The Nigerian Bond Market: How Progress Happens (Or Doesn’t) – DoubleEph

Below is a transcript of a thread shared on twitter by Feyi Fawehinmi about the Nigerian bond market and how a country develops or fails to, or even reverses course. I think it contains many lessons for us and I decided to share them here. I’ll repost his tweets with minimal edits/comments.

Thread reads:

I hung out with a friend yesterday and he told me a story that is a metaphor for Nigeria and how progress happens and then doesn’t. Between 1988 and 2003, Nigeria did not issue a single bond. Over that 15 year period, the government was being funded by short term treasury bills only. Naturally, people thought this made no sense and there was need for a proper bond market and everything that comes with it so the government can do more long term borrowing.

A couple of years later, the Debt Management Office (DMO) hired an American guy named Jack Delaney from the US Treasury Department as a consultant. He helped to do a lot of the necessary ground work (to create a bond market) and helped the DMO become a functional institution. He finished his contract in Nigeria (three years I believe), and left to try to do the same thing in Ghana. I’ll come back to this point later. ‘Sauces’ also say he had a naiz time with Nigerian ladies but that’s neither here nor there.

So Nigeria got a functional, deep and liquid bond market that was doing up to $1 billion per day in volume at one point (my edit: don’t quote me but a cursory look at some Bank of International Settlements data would suggest a $125m per day volume now) . International investors took note, as did JP Morgan, who eventually decided that Nigeria’s market was pretty good and included her in their index (my edit: pretty big deal since JP Morgan is the valhalla of international finance and large international bond buyers put buy their index so inclusion in it meant pretty steady capital inflow)People were so excited about this that the DMO took out a full page advert in the papers congratulation President Goodluck Jonathan on the historic admission into the index. It guaranteed about $2bn that just stayed in the country long term as long as Nigeria was in the index. The journey to that inclusion took something like 8 years of work. Many other things happened of course but this is an abridged version of history. And then in 2015, in a fit of economic vandalism (side eye at Buhari and Emefiele) Nigeria got kicked out of the index after being given a number of warnings.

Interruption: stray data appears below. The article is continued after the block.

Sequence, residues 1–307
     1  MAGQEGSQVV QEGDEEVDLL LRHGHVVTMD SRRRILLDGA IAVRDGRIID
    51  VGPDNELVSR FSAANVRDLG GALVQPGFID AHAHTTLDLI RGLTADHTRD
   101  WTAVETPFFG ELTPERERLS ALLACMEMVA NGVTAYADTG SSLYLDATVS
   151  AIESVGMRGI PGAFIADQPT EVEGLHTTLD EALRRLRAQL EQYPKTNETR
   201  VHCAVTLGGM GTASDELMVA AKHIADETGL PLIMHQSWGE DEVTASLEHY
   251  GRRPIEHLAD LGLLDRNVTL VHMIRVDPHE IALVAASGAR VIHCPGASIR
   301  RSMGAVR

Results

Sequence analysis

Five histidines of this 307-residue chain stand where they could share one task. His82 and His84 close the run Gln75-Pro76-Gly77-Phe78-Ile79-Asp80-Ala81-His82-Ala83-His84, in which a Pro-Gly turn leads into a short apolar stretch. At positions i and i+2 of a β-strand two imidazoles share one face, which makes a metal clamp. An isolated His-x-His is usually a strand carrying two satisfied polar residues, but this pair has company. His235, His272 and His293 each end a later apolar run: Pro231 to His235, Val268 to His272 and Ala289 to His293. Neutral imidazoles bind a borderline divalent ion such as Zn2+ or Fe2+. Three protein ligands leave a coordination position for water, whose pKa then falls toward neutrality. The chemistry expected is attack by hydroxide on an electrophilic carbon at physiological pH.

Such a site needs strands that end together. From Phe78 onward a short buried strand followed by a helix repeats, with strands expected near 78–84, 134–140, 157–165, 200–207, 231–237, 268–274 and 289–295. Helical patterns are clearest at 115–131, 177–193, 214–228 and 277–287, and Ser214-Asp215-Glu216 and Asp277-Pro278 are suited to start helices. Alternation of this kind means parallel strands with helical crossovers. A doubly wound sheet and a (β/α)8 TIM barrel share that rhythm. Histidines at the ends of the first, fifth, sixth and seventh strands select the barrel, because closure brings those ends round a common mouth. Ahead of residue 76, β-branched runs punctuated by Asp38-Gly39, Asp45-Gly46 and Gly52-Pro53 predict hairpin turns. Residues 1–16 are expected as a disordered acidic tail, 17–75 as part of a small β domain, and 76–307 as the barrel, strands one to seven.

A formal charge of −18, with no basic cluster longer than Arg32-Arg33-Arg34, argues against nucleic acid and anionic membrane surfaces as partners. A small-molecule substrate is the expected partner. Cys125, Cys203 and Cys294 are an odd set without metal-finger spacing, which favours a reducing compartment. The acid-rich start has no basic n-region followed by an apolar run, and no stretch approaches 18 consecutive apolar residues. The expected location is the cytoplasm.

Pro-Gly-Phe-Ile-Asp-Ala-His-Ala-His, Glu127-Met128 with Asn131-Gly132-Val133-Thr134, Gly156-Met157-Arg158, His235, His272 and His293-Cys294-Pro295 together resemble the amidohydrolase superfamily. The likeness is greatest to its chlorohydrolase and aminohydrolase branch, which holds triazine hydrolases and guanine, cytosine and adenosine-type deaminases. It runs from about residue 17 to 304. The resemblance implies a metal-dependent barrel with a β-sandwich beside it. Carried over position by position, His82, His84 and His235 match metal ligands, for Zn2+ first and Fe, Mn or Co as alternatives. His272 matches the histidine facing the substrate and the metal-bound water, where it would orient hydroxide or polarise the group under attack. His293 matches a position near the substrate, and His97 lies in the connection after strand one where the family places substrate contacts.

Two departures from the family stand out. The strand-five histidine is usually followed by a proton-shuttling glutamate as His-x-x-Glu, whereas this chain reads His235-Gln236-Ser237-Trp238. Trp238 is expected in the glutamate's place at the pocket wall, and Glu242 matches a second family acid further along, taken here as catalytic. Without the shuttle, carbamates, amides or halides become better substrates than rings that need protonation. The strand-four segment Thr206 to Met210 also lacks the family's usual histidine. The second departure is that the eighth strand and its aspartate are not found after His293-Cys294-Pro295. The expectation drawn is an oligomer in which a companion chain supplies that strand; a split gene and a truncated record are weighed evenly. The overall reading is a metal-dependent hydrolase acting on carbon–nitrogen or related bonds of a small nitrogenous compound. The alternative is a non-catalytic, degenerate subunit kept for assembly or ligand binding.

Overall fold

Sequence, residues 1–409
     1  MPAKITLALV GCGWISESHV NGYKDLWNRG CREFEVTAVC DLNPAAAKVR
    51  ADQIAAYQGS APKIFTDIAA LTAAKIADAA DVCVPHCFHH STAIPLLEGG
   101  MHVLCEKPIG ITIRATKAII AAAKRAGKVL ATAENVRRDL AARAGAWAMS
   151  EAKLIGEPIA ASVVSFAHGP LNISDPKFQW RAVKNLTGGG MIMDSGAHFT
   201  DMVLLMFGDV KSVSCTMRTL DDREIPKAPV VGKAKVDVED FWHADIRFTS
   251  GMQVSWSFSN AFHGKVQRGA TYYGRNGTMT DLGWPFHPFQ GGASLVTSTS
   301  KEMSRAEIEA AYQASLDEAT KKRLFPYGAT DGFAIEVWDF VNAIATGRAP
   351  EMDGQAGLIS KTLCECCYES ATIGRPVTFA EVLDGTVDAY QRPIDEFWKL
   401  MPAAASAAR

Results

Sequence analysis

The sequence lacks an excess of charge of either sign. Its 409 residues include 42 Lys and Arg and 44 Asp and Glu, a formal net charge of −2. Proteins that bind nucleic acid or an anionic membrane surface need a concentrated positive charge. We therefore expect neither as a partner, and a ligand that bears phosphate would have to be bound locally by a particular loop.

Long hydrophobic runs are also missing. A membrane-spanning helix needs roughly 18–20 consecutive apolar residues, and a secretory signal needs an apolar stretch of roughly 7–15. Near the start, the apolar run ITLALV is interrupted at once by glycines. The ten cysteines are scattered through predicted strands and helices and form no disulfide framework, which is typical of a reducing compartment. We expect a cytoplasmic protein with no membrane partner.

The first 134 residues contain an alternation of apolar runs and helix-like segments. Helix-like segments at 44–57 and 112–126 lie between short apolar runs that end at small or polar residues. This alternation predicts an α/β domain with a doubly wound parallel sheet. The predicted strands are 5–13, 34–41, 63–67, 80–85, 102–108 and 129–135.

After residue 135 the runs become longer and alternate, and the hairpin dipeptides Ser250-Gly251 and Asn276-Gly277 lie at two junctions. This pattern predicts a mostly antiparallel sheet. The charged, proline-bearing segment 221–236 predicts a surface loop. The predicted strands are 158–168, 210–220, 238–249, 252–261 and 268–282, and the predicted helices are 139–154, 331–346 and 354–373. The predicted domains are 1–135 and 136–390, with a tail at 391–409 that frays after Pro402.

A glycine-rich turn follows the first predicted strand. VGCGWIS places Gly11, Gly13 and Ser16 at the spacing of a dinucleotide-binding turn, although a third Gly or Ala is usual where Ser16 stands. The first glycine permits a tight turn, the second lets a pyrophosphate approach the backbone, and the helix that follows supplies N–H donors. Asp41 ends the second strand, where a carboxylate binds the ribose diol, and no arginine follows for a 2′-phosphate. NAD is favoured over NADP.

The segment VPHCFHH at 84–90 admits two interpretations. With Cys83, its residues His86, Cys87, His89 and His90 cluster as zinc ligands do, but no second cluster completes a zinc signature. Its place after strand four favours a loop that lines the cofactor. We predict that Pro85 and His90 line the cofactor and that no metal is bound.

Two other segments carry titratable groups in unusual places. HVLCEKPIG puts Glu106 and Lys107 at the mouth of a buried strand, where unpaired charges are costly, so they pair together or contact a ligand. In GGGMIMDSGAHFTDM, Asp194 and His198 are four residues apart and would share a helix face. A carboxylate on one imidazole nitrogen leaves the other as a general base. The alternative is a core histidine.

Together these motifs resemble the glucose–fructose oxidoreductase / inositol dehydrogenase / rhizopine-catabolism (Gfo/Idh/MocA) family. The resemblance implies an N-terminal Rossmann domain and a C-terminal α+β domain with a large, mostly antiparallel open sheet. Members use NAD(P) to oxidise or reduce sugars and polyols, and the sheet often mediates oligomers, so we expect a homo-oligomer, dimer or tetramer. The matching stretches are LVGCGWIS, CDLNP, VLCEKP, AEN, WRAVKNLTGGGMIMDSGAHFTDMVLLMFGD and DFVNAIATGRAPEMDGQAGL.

There are two morals to this story: 1. Jack Delaney tried to replicate his work in Ghana but didn’t have success there. When Nigeria is serious about doing something and the stars align, it can do it. It might take time, but it can do it. 2. As is obvious, you can destroy the work of 8 years in a matter of months just because you have your own ideas. And Chesterton’s Fence – don’t remove something unless you know the reason why it was put there in the first place. The good-ish news is that after destroying things, this same government (Buhari) appointed Pat Oniha as Director-General of the DMO in 2017. If anyone knows what it took to build up the DMO and what it will take to rebuild it, it’s her. She was there as a participant from the beginning. So building again won’t take as long as before because there is institutional knowledge of how it was done the first time around now at the helm of affairs. And that is the end of this story.

My additions and reflections: there is a lot of truth to the saying that all progress depends on the individual. Even when you hear the Debt Management Office did this, or the government did that, it usually rests on the efforts of one or two committed persons. People are vitally important, especially at an individual level. Any society that doesn’t allow and support individuals to perform at their best within defined constraints, will not make it too far. 

Second: Nigeria can work. It might take solving different things one at a time over a long time, but it can work. We just need a way to institutionalize knowledge and good governance and maintain a level of consistency. Which means creating means for the best and brightest to sit at the levers of governance at all times. And since they say institutions are usually the extension of the individual, that takes us back to my first point. 

Aside all that, there are very many lessons we can draw from this story. Very many. You can pull yours and share with me or just make notes for the future. 

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